O: Yeah I mean, actually to get some of this works done you also have to be very fast, because some of this acts of mass civil disobedience are not being announced weeks in advance. So, sometimes you also have to be quick, book the train ticket, just go to this site and try to connect with the people there. And yeah, filming these events of mass civil disobedience really has also an important function for the people there right? It’s not just that I’m doing a film that finds a new audience and maybe gives a platform to the people in these actions. But also literally while filming it can function kind of like a protection shield against the police violence, at least in many actions it has this function, not always as we know, but very often.

G: Obviously the body of work in this exhibition is just huge and I guess it’s really hard to pick some moments. But I wanted to ask what have been some of the top 1-2 moments that you filmed that really impacted you. Moments that really shocked you to your core.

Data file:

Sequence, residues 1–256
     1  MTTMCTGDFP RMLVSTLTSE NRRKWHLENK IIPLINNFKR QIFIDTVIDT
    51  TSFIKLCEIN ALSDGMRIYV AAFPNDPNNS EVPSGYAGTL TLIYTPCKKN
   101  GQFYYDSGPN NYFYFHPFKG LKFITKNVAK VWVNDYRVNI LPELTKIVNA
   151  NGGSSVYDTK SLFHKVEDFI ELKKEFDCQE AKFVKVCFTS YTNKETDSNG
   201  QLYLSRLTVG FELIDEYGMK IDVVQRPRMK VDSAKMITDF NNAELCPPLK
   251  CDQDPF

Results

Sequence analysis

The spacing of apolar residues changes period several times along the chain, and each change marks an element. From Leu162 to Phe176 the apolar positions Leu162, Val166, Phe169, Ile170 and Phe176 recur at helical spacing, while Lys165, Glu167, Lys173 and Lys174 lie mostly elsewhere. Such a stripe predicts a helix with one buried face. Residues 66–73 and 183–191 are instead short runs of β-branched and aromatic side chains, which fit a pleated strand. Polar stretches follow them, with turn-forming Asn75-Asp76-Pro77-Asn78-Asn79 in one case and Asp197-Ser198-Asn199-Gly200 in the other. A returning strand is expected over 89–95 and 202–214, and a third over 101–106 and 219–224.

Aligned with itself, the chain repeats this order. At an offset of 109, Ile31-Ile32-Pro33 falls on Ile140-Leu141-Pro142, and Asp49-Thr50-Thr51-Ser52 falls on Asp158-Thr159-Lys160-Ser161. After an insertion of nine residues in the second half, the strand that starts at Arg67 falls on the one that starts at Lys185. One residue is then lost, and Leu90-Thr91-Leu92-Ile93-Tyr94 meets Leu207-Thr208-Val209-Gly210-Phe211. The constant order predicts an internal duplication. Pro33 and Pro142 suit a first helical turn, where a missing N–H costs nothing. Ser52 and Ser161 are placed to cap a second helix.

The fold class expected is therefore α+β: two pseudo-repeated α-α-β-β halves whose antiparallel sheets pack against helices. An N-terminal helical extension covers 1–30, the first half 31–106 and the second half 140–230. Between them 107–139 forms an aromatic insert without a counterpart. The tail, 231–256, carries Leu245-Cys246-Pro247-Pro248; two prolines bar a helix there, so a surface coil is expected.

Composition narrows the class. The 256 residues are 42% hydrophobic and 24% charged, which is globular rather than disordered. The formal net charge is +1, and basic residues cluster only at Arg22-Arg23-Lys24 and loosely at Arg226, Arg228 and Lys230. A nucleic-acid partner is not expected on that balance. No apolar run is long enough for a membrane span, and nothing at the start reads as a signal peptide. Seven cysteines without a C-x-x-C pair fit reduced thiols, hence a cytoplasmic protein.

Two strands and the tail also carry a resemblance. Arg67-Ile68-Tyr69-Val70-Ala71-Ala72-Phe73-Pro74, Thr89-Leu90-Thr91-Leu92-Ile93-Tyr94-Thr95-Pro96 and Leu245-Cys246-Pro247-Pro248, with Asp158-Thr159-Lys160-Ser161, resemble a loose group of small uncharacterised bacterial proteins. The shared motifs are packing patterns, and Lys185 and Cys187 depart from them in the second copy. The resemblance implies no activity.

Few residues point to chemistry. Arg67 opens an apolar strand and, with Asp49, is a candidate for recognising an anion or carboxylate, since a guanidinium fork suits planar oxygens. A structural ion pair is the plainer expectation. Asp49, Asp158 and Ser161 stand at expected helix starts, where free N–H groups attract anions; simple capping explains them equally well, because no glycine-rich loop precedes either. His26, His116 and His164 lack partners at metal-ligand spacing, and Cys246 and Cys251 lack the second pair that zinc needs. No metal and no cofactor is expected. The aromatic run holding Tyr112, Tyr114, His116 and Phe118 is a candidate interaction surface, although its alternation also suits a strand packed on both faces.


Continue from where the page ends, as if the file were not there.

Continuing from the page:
O: I’m impressed by really many things. Some of the works can be very empowering. To participate in huge demonstrations or in these actions, even when you maybe did not sleep enough in 3 days, you get the energy just from this empowering moment of seeing people getting things done that maybe some of us thought they were impossible, right? To enter the second-largest coal mine and then you spend an entire day there, and people are dancing, singing and enjoying the moment. If they’re committed people, if it’s a group large enough and if you’re able to communicate the necessity to do what you’re doing, then it’s possible to get done really inspiring and important things. But still, while I think that what we see here in this exhibition are some of the most important moments of organising that took place in recent years, I have the feeling that we have to go much further, right? Because nowadays it appears that probably the German corporation RWE, the coal corporation, they already included this in their calculation. They already know that at least 2 or 3 days per year they have to shut down their operations just because there’s a protest. Still, I know they’re highly profitable, just because burning coal is one of the best businesses in the world. You generate a lot of money through literally nothing…or the death of plants and life on earth. So there are a lot of things where I take a lot of inspiration out of it. My trip to the artic was really a central trip. I had been within the artic circle, but never before in the high artic. This is something where you really get a lot out of it and you learn a lot. I was there with a scientific expedition. There were 19 scientist, most of them from, or, based on The Netherlands, it was a Dutch state funded expedition. I could not imagine a better way to learn and to participate, it’s much more efficient than reading books or seeing films, because you’re there and follow the research of the scientist, so you have all the possibilities to engage in communication with them. I feel so happy to be in the position to get these moments and I really take a lot out of it.